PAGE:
Last weekend, a young woman sat in a quiet Liverpool city centre street, armed with a guitar, and let rip. “Here’s to the man who thinks he knows it all, but in reality Boris has fucked us all,” she sang. Belted out may be a better description.
It is not uncommon to come across someone in Liverpool who has no time for the prime minister or the party he leads – this city has history with both. But on Saturday night, those words were sung with a little more enmity and those that gathered to cheer on busker Emma Wharton did so with a little more fervour.
This city is tired, it is bruised – but it is angry. Angry that its hospitals are once again reaching a critical point, with exhausted healthcare workers battling against rising tragedies each day. Angry that the lifeblood of this place: the bars, the restaurants and the live music venues have all been closed, with the thousands who work in them and help build the fabric of this city told to try to top up their 67% wages with a flawed and punitive welfare system. Angry that Liverpool’s remarkable renaissance, from the industrial decline and social crises of the 1980s to the vibrant, world-renowned cultural beacon it has become, is being jeopardised by a government that does not have its best interests at heart.
What makes Liverpool’s rejuvenation over the past two decades even more impressive is that it has been achieved against a backdrop of some of the worst cuts to public services anywhere in the country. Austerity has bitten hard, with more than £430m (not to mention 3,000 staff) cut from the city council’s resources and with it the ability to provide the services that make a real difference to people’s lives.
Food bank staff and kind-hearted volunteers have desperately tried to fill the gaping holes that have been left, as the current benefits system drives people further into poverty.
When government ministers defended their position on free school meals, they neglected to mention that their specific policy of limiting any tax credits or universal credit support to only the first two children in a family is already affecting almost 1 million children. This is being done at a time when poverty is rising for larger families.
In some parts of Liverpool the number of children growing up below the poverty line is a jaw-dropping 70%. Add in a five-week wait for universal credit, pernicious sanctions and a furlough system leaving some workers earning less than the minimum wage, and you will start to see why so many people here have had enough.
The pandemic has also shone a painfully bright light on the long-term health impacts of austerity for cities such as Liverpool. The city has one of the highest mortality rates for lung cancer in England – in 2018, it was estimated that over 6,000 people were living with undiagnosed COPD (chronic obstructive pulmonary disease). Coronavirus preys on these weaknesses: by attacking the lungs, it reduces blood oxygenation and raises the heart rate, potentially overwhelming weaker cardiovascular systems. This is one big reason why Liverpool’s main hospital trust has recorded 130 Covid-19 deaths so far in October alone – with that number rising with every devastating day.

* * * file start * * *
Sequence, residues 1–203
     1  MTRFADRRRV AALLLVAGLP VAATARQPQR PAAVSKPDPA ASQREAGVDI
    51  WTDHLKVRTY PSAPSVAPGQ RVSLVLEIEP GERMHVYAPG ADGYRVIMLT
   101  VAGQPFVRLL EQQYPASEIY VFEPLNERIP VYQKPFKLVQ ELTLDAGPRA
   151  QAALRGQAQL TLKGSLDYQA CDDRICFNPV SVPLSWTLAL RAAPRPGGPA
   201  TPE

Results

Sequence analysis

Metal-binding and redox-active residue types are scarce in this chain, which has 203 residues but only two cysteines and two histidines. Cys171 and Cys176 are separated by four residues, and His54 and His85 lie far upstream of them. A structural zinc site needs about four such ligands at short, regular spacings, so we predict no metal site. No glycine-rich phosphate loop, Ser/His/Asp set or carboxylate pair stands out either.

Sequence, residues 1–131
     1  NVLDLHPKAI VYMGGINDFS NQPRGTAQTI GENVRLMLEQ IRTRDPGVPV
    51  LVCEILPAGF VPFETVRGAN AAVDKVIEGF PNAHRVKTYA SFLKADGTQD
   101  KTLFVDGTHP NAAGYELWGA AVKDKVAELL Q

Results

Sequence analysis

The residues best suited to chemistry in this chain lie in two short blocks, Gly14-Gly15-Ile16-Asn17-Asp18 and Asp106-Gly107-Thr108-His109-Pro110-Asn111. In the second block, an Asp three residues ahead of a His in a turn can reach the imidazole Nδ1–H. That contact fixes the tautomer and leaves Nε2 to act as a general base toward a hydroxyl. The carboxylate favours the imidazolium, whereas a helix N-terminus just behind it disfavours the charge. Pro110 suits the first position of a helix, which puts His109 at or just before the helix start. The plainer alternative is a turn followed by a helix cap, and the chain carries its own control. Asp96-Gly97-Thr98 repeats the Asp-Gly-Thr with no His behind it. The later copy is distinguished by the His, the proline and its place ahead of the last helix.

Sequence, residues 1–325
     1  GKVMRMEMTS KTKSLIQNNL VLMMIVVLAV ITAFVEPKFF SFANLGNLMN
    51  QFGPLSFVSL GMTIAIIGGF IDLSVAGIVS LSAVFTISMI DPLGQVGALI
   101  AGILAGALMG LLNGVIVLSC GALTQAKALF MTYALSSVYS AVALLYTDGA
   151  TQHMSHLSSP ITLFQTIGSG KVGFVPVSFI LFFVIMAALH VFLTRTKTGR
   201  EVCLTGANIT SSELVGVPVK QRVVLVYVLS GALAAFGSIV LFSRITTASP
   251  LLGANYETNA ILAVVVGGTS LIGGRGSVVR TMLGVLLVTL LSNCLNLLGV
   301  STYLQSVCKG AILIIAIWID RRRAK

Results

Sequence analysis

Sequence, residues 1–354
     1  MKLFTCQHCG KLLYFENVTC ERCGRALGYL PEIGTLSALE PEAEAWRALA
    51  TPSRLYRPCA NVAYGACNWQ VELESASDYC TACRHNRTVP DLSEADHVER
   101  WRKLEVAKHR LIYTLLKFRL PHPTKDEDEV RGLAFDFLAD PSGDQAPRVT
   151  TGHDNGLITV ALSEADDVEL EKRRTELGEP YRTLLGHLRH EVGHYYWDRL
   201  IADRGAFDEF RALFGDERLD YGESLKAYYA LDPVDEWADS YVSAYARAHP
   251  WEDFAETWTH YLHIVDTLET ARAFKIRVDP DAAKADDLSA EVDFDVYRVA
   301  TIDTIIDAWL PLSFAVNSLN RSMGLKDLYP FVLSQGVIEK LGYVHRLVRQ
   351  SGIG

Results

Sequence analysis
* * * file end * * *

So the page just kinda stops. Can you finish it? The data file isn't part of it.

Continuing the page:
Some of the city’s health issues are historic and originate from the industries of ship building and manufacturing. You might think that a city with these long-term health problems would be met with investment in public health budgets or improvements in services aimed at enhancing life choices and chances. You, of course, would be wrong.
It was in the early days of the epidemic in this country, in late February, that Michael Marmot published his review into health equity in England – 10 years after he first warned that growing inequalities in the country would lead to worse health outcomes for people. He revealed a worrying picture in England, where life expectancy has stalled for the first time in over a century and has actually declined for the most deprived women.
His findings were unequivocal: “Austerity has taken a significant toll on equity and health, and it is likely to continue to do so. If you ask me if that is the reason for the worsening health picture, I’d say it is highly likely that is responsible for the life expectancy flat-lining, people’s health deteriorating and the widening of health inequalities.”
Scousers were too savvy and battle-hardened to ever be taken in by Boris Johnson’s talk of “levelling up”. They know from bitter experience that the Tory MPs lining up to suggest that the welfare system or local government are the best avenues for dealing with child hunger are the same people who have helped to dismantle these very lifelines over the past decade.
So where does Liverpool go from here? It’s fair to say the actions and words of Andy Burnham and Marcus Rashford up the M62 have gained plenty of traction here – talk of rebellion and revolt is in the air. With Burnham backed by his close friend and ally, Liverpool city region mayor Steve Rotheram, and the Liverpool city mayor Joe Anderson never afraid of a fight with the Tories, there are the makings of a powerful political force.
They all believe that something has to change. As Covid-19 brutally exposes the fractures in our society and the inequality that pervades this country, this view is getting more traction in our public discourse. And if they are all up for the fight, then the people of this proud, resilient city will certainly be behind them.
• Liam Thorp is political editor of the Liverpool Echo